Table 1. HPLC Buffers, pKa Values and Useful pH Range

Phosphoric acid and its sodium or potassium salts are the most common buffer systems for reversed-phase HPLC. Phosphate’s two pKa values, 2.1 and 7.1, and UV transparency make it ideal for most HPLC separations. Its pKa of 12.3 is suitable for buffering in 11.3-13.3 pH range. Phosphonate buffers can be replaced with sulfonate buffers when analyzing organophosphate compounds. With the growth in popularity of LC-MS, volatile buffer systems, such as TFA, acetate, formate, and ammonia, are frequently used.

Buffer Concentration: A higher buffer concentration that enhance buffer capacity will give more reproducible separation of compounds partially ionized at the pH of the mobile phase, by reducing local perturbations of the pH of the migrating analyte peak. Generally, a buffer concentration of 10-50 mM is adequate for small molecules.

Buffer Solubility: It is especially important when performing gradient separations. Solubility can be empirically determined by mixing given volume fractions of buffer and the organic solvent. Appearance of precipitates or opaque solution indicates solubility issues. A general rule is no more than 50% organic should be used with a buffer. This will depend on the specific buffer as well as its concentration.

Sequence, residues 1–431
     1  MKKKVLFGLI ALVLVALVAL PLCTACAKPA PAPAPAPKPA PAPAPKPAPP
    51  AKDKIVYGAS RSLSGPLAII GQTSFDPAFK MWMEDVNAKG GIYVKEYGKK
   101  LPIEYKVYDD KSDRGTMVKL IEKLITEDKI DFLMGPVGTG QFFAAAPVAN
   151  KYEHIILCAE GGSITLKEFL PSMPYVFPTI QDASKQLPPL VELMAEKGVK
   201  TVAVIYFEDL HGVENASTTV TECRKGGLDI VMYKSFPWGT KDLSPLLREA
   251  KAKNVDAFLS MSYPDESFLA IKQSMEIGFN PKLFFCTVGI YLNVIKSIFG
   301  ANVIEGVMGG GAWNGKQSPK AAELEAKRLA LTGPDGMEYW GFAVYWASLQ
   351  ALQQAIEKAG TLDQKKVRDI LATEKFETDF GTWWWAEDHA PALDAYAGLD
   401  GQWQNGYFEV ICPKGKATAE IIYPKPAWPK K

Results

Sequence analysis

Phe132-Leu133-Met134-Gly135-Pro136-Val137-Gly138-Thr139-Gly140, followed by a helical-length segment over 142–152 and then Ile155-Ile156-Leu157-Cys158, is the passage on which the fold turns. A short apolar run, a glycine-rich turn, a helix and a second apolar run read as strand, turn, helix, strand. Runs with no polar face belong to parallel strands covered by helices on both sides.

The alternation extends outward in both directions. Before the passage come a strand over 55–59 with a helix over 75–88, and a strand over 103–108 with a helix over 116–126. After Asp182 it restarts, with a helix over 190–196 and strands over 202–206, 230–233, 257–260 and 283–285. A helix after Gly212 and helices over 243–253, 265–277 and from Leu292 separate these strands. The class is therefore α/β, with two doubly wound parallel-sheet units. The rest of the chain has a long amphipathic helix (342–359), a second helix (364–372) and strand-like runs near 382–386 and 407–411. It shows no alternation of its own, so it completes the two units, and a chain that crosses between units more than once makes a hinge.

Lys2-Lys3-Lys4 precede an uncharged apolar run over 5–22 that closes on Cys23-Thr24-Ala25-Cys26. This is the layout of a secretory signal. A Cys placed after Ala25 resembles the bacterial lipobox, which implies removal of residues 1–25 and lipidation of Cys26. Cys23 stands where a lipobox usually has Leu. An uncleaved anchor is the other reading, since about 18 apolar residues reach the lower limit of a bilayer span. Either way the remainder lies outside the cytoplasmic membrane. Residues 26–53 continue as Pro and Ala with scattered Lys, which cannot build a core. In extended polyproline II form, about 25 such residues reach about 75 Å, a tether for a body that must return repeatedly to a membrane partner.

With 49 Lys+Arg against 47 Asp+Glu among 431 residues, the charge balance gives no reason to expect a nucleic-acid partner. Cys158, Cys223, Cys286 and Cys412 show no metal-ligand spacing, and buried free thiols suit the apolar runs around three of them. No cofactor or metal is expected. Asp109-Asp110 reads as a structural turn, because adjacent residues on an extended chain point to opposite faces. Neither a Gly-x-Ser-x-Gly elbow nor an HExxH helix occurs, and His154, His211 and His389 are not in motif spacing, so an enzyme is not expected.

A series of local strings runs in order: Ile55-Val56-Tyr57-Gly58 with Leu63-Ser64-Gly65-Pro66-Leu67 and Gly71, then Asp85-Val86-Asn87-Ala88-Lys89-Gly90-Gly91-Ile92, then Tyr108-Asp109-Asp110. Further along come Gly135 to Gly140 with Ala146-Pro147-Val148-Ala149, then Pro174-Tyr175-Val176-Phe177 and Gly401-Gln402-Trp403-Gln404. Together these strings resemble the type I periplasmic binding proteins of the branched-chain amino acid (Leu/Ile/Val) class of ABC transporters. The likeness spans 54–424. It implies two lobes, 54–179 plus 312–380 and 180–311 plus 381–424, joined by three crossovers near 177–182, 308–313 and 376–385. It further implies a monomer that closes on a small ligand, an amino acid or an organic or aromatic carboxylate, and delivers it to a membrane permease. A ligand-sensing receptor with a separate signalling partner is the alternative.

Effects on Detection: The choice of buffer is also dependent upon means of detection. For traditional UV detection, the buffer needs to be effectively transparent in this region, especially critical for gradient separations. Buffers listed in Table 1 have low enough absorption below 220 nm.

More common issues today are related to compatibility with mass spectral (MS) detection. Preferred buffers addressing the issue of volatility are formate, acetate, and ammonia. In regard to the issue of suppression of ionization, formate and acetate are ideal choices for positive-ion mode detection. TFA, however, can negatively impact detector response even in positive-ion mode (4,5), while it strongly suppresses ionization with negative ion mode. Acetic acid is good for negative-ion mode. LC-MS applications further limit buffer selection and buffer concentration.

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  1. McMaster, M.C. HPLC A Practical User’s Guide, VCH Publishers, Inc.: New York, NY, 1994; 85.
  2. Poole, C.F. and Poole, S.K. Chromatography Today, Elsevier Science: Amsterdam, The Netherlands, 1991; 431.
  3. Analytix, Five-part series on Mobile Phase Additives for LC-MS, Issue 3, 2006 (
  4. Temesi, D., Law, B., The Effect of LC Eluent Composition on MS Response Using Electrospray Ionization, LC-GC, 17:626. 1999.
  5. Apffel, A. et. al. Enhanced Sensitivity for Peptide Mapping with Electrospray Liquid Chromatography-Mass Spectrometry in the Presence of Signal Suppression Due to Trifl uoroacetic Acid-Containing Mobile Phases, J. Chrom. A. 712:177. 1995.